Friday, 19 December 2014

Battle Group Kursk - Charge of the Death Brigade

 
There are some battles and operations that just defy translation into a wargameable scenario, not necessarily because of size, everything is scaleable, but because of the unbalanced odds and the sheer lunacy of the fighting. The actions of  3rd SS Panzer Division ‘Totenkopf’ to take Hill 213.9, as part of the Mius River actions in the aftermath of the Battle of Kursk is one such action.
 
Essentially it is a WW2 armoured version of the ‘Charge of the Light Brigade’: German Panzers and Panzer Grenadiers charging along a neck of land overlooked by heights on 3 sides which are lined with heavy Russian guns. The offensive action undertaken was foolhardy in the extreme, as the failure of supporting actions to clear the Totenkopf flanks meant that they were assaulting into a ‘kill sack’ of long range effective anti-tank crossfire.
 

 
Ground. The area of Southern Ukraine around the Mius river is heavily undulating, with the terrain furrowed by ridges and carved by numerous watercourses, often dried out in fierce Russian high summer, but liable to flash flooding - balkas. The land is fertile and well watered, so that the ground is covered with high vegetation and crops.
 
The Red Box in this map was be the table area, representing the high ground between the two balkas stretching from Height 214.9 to 213.9.
Hill 213.9 is the end of a rising finger of land isolated by deep river valleys (Balka) on both sides, so that it forms a peninsular of high ground, yet overlooked by the next higher range of hills on either side. The startline for the attack was at the Western end of this peninsular, the objective at the Eastern end. The entire area is overlooked by the surrounding high ground, used by the Soviets to emplace large calibre artillery and long range anti-tank guns.

The 213-214 ridge was densely vegetated yet overlooked on both sides...
Table layout. Two 6 x12 Foot tables laid side by side represented the Hill 213.9 ridge. Observation and Gunnery from the surrounding ridges was calculated off table - two batteries of 203mm Heavy guns! The table was covered with one contour elevations and patches of vegetation at random, and any static unit was automatically deemed to be in cover.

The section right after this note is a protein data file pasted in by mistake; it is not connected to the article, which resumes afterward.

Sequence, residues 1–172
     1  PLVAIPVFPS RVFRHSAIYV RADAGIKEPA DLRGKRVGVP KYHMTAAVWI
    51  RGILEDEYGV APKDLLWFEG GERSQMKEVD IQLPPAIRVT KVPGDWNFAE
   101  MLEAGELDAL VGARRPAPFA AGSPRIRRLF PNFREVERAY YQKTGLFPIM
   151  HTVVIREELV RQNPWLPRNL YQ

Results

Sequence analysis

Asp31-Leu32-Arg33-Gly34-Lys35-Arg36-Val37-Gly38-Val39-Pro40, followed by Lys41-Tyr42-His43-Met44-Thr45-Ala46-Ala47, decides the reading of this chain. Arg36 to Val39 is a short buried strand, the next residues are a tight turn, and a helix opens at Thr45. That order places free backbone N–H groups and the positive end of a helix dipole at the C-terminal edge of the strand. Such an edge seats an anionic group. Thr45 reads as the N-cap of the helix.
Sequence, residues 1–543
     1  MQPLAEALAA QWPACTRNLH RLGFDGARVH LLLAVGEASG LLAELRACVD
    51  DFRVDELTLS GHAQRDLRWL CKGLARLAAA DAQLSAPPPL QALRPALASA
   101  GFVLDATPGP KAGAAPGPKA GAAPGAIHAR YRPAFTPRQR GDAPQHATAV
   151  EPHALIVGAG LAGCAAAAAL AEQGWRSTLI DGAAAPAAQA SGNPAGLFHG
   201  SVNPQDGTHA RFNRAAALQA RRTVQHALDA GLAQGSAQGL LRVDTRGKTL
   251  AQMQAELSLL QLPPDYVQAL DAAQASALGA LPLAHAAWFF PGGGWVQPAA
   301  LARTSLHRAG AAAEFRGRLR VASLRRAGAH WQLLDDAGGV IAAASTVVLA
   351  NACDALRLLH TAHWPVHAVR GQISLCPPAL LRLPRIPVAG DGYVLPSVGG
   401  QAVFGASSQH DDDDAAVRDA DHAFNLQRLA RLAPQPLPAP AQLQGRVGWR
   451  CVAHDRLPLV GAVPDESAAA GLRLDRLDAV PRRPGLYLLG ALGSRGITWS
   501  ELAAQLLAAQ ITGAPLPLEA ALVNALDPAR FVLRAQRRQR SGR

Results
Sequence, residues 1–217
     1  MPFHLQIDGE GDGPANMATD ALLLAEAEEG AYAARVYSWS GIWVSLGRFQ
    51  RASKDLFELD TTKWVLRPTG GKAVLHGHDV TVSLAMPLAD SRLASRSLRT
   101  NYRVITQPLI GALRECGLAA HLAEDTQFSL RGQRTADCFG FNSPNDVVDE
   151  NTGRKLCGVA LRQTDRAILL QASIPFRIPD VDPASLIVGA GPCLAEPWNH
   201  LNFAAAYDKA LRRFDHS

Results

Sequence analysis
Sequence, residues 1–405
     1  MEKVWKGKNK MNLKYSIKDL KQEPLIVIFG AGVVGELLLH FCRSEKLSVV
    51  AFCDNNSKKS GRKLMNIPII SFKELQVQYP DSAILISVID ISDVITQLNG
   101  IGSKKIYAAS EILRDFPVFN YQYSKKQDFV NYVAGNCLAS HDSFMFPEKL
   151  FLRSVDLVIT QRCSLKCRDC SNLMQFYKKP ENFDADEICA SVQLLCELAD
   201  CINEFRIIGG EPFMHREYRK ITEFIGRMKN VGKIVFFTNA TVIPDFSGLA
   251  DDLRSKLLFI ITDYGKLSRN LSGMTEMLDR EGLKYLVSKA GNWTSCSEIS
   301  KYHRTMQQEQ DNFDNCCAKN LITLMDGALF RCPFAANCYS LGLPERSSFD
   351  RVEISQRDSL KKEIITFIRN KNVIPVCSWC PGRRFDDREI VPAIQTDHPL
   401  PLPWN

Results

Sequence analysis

Situation. As Operation ZITADELLE, the battle of Kursk was drawing down, with Totenkopf having fought bitterly to establish the Southern pincers high water mark at the Pena bridgehead, the Soviets launched their strategic counter stroke, Operation RUMYANTSEV, both North and South of the Kursk salient.
 
Particularly threatening was the Soviet 1st Guards Tank Army’s lodgement across the Mius River to the South of the salient. In order to push this back, the II SS Panzer Corps was moved South and reassigned to General der Infanterie Karl-Adolf Hollidt’s reformed 6.Armee in the Southern Ukraine. The Bridgehead had to be pinched out at all costs before it was given time to develop into a full scale offensive.
 
Together Totenkopf, Das Reich and 3rd Panzer (replacing Liebstandarte, en route for Italy),  conducted a counterattack from July 30 to August 2 that eventually eliminated the strong Soviet bridgehead over the Mius River. During these July-August battles for Hill 213.9 and the town of Stepanowka, Totenkopf suffered heavy losses, and over the course of the campaign on the Mius it suffered more casualties than it had during Operation Citadel. By the time the Soviet bridgehead was eliminated, the division had lost 1500 men dead and the Panzer regiment was reduced to 20 tanks.

For this scenario, we focused on the first Totenkopf effort to drive an all arms Battle Group across the neck of land linking Height 214.9 to Hill 213.9.
 
 The Totenkopf battlegroup had to advance in the teeth of dug in infantry and anti tank guns, localised tank counterattacks, and medium and heavy artillery fire directed from three sides, as well as crossing a heavily mined area.

The Soviets had ample artillery assets, on and off table. Photo courtesy of Kaptain Kobold
Mission - German team (Mark and John G): Totenkopf Battle Group is to assault Hill 213.9 using shock action and fire and manoeuver.
 



Photo courtesy of Kaptain Kobold

  
Mission - Soviet team (Alan and John T):
 
Second Guards Mechanised Corps is to destroy assaulting elements of 3rd SS Panzer division Totenkopf.
 
  
 
German Assault Engineer and all recce troops were designated 'hard targets' for the game, representing their particular skill in maximising the ample cover, and to discourage the targeting of what should have been the crucial role of the Engineers in clearing a path through the minefields.